A TEAM of negotiators and former soldiers from Tokyo has been sent to the jungles of the Philippines to try to bring home soldiers of Japan’s Imperial Army who are still fighting the Second World War.
The team is to investigate reports of former soldiers living in the mountains and jungles of Luzon nearly 60 years after the war ended.
Three negotiators from Japan’s health and welfare ministry and two veterans, who themselves opted to stay behind in the Philippines after it fell in 1945 rather than face the shame of surrender, travelled to Manila yesterday.
One of the veterans, Yoshihiko Terashima, 82, continued the fight against the United States for five years after the official surrender, according to his son, Kazuhiko.
"We’re not sure how many might still be out there, but we think it might be as many as four individuals," he said from the family home in Kawaguchi, Saitama Prefecture, north of Tokyo.
"If they are there, then my father will bring them home," he added.
"My father was with a small group of soldiers that stayed behind to fight the US for five years, but these men will be old soldiers now."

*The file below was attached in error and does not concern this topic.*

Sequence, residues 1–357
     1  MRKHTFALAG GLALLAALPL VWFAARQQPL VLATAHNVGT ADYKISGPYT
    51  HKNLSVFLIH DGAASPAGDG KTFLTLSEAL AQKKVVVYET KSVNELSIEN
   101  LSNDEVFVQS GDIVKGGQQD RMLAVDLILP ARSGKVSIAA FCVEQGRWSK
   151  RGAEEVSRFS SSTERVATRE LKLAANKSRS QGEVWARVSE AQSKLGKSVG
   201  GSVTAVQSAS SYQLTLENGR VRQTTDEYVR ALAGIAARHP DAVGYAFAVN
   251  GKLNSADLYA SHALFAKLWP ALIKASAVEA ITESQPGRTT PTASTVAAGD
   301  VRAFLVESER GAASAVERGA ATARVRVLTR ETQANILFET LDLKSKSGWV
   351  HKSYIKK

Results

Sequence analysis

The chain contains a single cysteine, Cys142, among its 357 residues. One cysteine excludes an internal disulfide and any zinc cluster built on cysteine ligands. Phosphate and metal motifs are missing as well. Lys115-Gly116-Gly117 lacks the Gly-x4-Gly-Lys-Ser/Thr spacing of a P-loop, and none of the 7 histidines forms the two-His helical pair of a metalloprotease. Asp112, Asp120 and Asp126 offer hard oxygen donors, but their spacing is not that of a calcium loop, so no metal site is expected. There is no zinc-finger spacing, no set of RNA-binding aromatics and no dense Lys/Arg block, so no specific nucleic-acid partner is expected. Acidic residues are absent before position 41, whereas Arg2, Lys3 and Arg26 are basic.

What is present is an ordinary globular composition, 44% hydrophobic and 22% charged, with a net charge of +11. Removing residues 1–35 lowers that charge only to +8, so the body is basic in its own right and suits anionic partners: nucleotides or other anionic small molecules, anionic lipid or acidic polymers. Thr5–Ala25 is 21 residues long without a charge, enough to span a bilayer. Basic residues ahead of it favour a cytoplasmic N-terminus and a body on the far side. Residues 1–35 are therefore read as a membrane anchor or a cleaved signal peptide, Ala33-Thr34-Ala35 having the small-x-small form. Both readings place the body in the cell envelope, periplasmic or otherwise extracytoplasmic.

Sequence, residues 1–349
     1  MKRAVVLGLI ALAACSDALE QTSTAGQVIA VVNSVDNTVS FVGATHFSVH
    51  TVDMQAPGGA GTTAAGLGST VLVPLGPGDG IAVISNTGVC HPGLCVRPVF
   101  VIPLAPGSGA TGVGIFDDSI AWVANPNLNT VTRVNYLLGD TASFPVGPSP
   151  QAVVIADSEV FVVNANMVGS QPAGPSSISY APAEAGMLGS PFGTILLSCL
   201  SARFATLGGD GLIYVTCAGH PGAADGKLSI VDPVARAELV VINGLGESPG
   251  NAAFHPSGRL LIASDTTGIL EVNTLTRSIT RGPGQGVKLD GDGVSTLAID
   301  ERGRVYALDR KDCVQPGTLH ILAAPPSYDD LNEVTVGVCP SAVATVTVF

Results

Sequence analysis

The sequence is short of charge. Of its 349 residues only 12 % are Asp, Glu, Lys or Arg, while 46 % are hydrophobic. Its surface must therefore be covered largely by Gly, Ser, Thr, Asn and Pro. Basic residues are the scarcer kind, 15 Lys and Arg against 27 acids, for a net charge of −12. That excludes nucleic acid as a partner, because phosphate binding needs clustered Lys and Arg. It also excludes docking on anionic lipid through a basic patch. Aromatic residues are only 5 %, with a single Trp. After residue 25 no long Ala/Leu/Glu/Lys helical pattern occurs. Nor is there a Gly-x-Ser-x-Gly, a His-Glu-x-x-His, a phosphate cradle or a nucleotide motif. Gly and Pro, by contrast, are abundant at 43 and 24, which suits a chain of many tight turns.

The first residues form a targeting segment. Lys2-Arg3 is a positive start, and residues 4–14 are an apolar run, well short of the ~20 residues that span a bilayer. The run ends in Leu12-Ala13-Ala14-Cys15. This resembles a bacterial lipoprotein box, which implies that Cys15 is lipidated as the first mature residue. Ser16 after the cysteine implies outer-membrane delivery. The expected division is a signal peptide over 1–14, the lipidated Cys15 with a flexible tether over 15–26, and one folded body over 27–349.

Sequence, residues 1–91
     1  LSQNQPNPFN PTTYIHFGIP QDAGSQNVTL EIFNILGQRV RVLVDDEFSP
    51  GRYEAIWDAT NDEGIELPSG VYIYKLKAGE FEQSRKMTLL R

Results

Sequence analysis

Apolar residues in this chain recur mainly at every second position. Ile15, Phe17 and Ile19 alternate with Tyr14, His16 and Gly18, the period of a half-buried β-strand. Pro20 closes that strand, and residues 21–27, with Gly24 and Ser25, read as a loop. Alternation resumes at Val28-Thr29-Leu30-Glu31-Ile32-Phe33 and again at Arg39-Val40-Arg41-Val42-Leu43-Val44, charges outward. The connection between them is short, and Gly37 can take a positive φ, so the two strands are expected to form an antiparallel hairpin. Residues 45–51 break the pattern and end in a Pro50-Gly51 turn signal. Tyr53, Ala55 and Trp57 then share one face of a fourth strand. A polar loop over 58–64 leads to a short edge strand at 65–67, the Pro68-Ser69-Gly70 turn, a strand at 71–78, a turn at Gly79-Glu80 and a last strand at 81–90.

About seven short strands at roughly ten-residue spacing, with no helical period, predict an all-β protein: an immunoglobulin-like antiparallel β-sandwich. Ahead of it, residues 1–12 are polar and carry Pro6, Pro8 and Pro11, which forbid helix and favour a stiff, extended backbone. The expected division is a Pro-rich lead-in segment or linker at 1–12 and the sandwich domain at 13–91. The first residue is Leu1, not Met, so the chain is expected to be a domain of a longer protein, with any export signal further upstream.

Mr Terashima is the president of a veterans’ organisation and has chased a series of rumours of military stragglers in the Philippines for several years, his son said.
This latest lead was passed on to him in the summer and he travelled to the Philippines in early September to conduct initial research after letting the government know.
According to the ministry, a former Japanese soldier decided to remain in a village near Manila after capitulation and, until his death in 1996, was in contact with a handful of his former comrades in arms.
If the report turns out to be true, it would be the first time that a Japanese hold-out from the war had been tracked down since 1974.
In that year, Second Lieutenant Hiroo Onoda was discovered in the Philippines.
Mr Onoda wept bitterly when he was eventually talked into coming out of the jungle by his former commander, who was flown to the island of Lubang and ordered him to lay down his rifle.
Mr Onoda found it impossible to adapt to life in Japan and emigrated to Brazil to run a cattle farm. He later returned to Japan to run a nature camp for children.
An estimated three million Japanese troops were overseas when the emperor announced Japan’s surrender. Some went into hiding, waiting for attacks that never came and messages from commands that had long since been disbanded.
Short of supplies and lacking communication with Japan, they hid from Allied mopping-up patrols in the jungles and mountains of the islands they occupied.
These men were driven by the Bushido code of feudal Japan, which forbade surrender, and it was months - and in some cases years - before they realised the war was over.